The site is bustling with archaeological activity as our team has more than doubled with the addition of 16 students from this year’s archaeological Field School. This Field School — the first since 2017 — started May 31 and is a collaboration between Jamestown Rediscovery and the University of Virginia. Upon completion of the program students will earn six graduate credits from U.Va. and will have learned real-world techniques crucial to conducting field archaeology, including surveying, the use of ground penetrating radar (GPR), excavation, and processing their finds in the lab. The crew has been split into two groups, one of which is excavating just north of the Church Tower while the other is excavating in the field north of the north bulwark, close to a branch of the Pitch and Tar Swamp. Field School students are also working in the conservation lab as part of their studies, learning to sort, clean, and conserve artifacts found in the field. We are also excited about the opening of the Ed Shed, where young visitors can get hands-on experience with real artifacts and learn the archaeological techniques used to identify, date, and give context to finds.
The walking path separating the two archaeological units in the north Church Tower area has been diverted just a few feet to the north so that the area between the existing units can be excavated as well, allowing the team to follow features found in the neighboring units and complete the archaeological map. With the help of the Field School students the archaeologists are making short work of the top layers, primarily consisting of 20th- and 21st-century gravel and landscaping fill. A GPR survey conducted on the western new unit indicated the presence of a large circular feature approximately 7 feet in diameter a few feet beneath the surface. Excavations in the weeks ahead will reveal the nature of this feature. So far a few nails, a porcelain rim sherd, and a few other small artifacts have been found in the new units here.
Just outside of the fort’s north bulwark, excavations have started in an area close to a branch of the Pitch and Tar Swamp. This area yielded some promising hits during GPR surveys several weeks ago and the Field School students used GPR to confirm the presence of an underground feature prior to the start of the excavations. This area of Jamestown is largely unexcavated and the two new units will hopefully give insight into the stratigraphy and features here just outside the fort. The swamp continues to expand in this area due to sea level rise and there is some urgency in the efforts to survey and excavate the area before it too is inundated. Although the excavations just started, some artifacts have already been found including a type of pin maul (a stone mason’s tool), not being produced before the nineteenth century. A fire once burned here, as the southern square contains a large amount of ash mixed in with the soil. Machine-cut nails have been found in abundance here, as well as a sherd of a locally-made pipe bowl.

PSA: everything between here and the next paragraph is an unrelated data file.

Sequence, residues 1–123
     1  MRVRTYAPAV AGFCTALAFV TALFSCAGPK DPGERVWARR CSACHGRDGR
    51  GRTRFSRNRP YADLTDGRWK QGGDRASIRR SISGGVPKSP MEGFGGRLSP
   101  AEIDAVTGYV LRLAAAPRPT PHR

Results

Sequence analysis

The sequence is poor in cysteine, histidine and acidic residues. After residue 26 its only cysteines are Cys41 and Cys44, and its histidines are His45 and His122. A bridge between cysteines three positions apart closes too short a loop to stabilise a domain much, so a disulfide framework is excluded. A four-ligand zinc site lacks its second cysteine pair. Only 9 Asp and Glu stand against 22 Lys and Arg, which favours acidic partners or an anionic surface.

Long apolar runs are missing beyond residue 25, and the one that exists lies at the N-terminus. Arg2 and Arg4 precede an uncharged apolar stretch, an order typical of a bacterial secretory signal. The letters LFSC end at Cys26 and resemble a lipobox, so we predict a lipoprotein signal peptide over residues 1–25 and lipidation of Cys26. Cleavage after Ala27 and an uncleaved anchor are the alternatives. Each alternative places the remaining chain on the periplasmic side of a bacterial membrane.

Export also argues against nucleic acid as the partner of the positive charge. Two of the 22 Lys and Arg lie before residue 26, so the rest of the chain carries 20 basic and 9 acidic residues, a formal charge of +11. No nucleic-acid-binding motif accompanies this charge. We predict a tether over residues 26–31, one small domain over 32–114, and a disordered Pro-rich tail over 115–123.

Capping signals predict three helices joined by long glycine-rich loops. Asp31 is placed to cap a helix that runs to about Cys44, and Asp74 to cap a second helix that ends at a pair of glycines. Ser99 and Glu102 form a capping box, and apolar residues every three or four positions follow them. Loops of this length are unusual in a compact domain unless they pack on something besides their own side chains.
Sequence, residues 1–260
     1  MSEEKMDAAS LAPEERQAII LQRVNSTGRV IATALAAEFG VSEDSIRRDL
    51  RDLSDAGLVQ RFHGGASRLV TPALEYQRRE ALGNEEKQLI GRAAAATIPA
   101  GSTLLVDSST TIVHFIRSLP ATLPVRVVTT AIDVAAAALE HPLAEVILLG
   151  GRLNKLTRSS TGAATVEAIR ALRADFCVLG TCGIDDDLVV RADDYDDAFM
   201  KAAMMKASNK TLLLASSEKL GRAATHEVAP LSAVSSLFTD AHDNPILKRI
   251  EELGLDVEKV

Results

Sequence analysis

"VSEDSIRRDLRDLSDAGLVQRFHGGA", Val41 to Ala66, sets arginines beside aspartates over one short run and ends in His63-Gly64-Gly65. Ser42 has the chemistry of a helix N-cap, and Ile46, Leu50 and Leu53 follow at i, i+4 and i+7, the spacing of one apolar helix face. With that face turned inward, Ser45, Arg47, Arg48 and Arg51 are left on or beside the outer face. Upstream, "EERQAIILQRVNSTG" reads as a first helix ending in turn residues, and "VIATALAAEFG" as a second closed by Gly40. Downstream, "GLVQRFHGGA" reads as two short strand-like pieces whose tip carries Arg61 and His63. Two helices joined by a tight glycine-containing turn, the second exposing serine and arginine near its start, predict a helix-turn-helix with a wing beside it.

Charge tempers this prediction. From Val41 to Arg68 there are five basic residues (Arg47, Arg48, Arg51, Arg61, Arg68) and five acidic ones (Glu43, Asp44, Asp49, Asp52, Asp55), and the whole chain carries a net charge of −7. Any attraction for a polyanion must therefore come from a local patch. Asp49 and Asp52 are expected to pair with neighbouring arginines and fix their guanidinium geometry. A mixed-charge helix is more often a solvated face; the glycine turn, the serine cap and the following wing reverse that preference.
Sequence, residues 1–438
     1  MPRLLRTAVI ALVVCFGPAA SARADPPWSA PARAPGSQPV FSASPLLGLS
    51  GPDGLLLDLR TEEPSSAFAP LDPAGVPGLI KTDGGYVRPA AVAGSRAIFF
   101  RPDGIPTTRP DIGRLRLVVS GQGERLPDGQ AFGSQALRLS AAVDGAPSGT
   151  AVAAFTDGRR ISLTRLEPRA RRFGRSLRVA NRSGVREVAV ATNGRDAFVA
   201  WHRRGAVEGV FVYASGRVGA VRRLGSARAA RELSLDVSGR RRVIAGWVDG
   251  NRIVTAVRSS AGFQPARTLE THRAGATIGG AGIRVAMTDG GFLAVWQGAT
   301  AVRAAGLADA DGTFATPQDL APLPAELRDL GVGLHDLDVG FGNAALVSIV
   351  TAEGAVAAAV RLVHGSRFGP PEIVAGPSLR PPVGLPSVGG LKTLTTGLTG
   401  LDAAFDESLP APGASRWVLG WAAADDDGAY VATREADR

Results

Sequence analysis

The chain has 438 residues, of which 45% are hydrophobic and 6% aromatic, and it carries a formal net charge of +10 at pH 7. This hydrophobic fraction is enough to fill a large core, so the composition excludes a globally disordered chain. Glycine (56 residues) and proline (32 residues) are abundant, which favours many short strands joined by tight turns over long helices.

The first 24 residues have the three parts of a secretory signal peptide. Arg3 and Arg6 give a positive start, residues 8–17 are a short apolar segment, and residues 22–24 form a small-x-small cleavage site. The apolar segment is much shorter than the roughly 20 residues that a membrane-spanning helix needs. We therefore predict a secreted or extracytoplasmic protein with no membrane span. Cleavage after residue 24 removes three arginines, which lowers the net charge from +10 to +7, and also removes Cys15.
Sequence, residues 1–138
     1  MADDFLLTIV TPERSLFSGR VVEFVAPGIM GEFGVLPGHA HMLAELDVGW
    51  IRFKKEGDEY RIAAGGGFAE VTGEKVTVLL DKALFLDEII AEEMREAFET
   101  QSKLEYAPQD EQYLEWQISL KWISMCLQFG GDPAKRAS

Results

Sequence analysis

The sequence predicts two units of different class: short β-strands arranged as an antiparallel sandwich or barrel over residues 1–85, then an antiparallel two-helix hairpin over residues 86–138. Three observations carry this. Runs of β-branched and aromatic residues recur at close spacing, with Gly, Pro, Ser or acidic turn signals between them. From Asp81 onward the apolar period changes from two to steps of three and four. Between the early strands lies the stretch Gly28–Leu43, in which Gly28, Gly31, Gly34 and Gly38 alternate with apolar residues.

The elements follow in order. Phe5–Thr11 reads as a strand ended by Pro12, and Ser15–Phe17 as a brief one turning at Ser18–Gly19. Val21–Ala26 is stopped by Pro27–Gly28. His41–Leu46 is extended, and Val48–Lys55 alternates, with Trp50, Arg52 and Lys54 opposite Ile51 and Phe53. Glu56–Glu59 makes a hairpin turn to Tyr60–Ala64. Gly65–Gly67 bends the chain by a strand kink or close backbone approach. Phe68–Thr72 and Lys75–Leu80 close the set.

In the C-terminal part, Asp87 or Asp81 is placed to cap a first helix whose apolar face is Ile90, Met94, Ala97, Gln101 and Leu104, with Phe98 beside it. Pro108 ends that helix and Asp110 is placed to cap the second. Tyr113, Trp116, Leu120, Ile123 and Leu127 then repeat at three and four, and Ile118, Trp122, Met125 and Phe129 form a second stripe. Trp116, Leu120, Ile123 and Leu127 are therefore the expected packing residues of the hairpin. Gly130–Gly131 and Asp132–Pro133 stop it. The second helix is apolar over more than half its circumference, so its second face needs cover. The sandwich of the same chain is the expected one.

In the Rediscovery Center lab, the Field School students have been sorting through artifacts found in the fort’s first well. Besides giving them a respite from the heat, this lab time will teach them how to sort, clean, conserve, and catalog artifacts once they’re brought in from the dig site. The first well, built in 1608 or 1609, was a treasure trove of artifacts as wells were used as trash pits once their water became foul. Because it was sealed before 1611, this well gives us a glimpse into an unusually well-defined moment in time which included the Starving Time winter of 1609-1610, evidenced by thousands of bones of animals not normally eaten by the English. The experience of processing these artifacts will teach valuable lessons in artifact processing and the struggles these early colonists faced when food was almost non-existent and trips outside the fort’s walls for food were met by ambushes at the hands of Virginia Indians.
The Ed Shed is open for the season! The Ed Shed gives young visitors the ability to learn archaeological techniques using real artifacts found just feet away. Sorting through artifacts of Virginian and European origin including pottery, animal bones, projectile points and more, visitors will learn what and how archaeologists learn from these objects. An Ed Shed visitor just found a mussel shell bead while sorting through material from the first well. Also at the Ed Shed is a Geographical Information System (GIS) workstation where visitors can draw archaeological features on a map of Jamestown precisely where they were found and compare them with hundreds of other features already on the map. The Ed Shed is open through August 6, Tuesday – Saturday, 9:00am – 4:30pm.